Amanda Cross was the pseudonym and persona of Carolyn Gold Heilbrun, who was born on January 13, 1926, in East Orange, New Jersey. She attended Wellesley College, where she was elected to Phi Beta Kappa; she was graduated in 1947, having married James Heilbrun in 1945. She was the mother of Emily, Margaret, and Robert.
Cross’s academic life was a full one, starred with accomplishments and recognition. She received both a master’s degree and a doctoral degree from Columbia University, in 1951 and 1959 respectively. Her teaching career began at Brooklyn College in 1959; the next year, she moved back to Columbia, where she moved up the academic rungs from instructor to full professor by 1972. Finally, Columbia gave her a chair, making her Avalon Foundation professor in the humanities. She served as visiting professor in numerous places (not unlike the peripatetic Kate Fansler), and she held four honorary degrees. Cross served as president of the Modern Language Association in 1984 and, over the years, received a Guggenheim Fellowship, a Rockefeller Fellowship, and a fellowship from the National Endowment for the Humanities.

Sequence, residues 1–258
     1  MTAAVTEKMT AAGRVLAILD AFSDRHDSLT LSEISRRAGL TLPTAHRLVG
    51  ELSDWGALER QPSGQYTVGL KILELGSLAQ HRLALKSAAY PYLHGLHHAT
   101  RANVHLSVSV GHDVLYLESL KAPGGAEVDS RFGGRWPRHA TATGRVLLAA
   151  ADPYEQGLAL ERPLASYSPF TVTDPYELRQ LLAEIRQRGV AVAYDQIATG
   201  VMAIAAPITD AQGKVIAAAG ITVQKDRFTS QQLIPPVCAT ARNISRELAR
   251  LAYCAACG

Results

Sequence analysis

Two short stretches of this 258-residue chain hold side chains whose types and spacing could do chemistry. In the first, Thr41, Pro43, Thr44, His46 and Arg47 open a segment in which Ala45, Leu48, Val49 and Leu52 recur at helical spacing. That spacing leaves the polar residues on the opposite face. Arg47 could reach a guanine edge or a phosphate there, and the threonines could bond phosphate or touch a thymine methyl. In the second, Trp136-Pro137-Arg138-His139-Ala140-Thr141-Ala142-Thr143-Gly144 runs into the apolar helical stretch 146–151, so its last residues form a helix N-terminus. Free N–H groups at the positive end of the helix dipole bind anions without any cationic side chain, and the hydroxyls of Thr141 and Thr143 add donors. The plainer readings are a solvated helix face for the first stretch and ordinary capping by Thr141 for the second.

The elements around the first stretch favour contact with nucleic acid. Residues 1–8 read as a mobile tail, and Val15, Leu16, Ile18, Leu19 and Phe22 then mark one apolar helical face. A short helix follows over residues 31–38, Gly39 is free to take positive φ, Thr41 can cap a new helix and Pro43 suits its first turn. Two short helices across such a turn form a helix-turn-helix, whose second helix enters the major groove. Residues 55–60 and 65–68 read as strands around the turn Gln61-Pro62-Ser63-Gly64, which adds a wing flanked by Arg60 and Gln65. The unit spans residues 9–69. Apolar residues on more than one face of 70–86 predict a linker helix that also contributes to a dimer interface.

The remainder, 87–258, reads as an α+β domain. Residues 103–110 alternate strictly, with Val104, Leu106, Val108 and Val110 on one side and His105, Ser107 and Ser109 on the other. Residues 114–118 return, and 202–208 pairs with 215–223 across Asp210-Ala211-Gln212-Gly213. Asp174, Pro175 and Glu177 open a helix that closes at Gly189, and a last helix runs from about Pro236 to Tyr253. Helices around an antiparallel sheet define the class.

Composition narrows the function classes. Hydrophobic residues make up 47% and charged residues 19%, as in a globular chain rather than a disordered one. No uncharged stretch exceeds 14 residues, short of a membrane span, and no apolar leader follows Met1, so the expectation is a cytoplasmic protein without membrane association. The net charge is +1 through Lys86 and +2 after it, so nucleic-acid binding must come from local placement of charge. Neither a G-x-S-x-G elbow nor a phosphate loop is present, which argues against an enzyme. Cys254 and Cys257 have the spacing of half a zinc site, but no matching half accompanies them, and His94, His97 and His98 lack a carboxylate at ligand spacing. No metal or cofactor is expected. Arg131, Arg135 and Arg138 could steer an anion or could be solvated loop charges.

It was in 1963 that Cross began to create the kind of detective fiction she enjoyed but could no longer find in the bookstores. Beginning in 1964 she published fourteen Kate Fansler mysteries that, running counter to the prevailing hard-boiled school, secured for her a substantial readership as well as honors. Her awards included a Mystery Writers of America Scroll for In the Last Analysis (1964) and the Nero Wolfe Award for Mystery Fiction for Death in a Tenured Position (1981). Cross died in New York in 2003.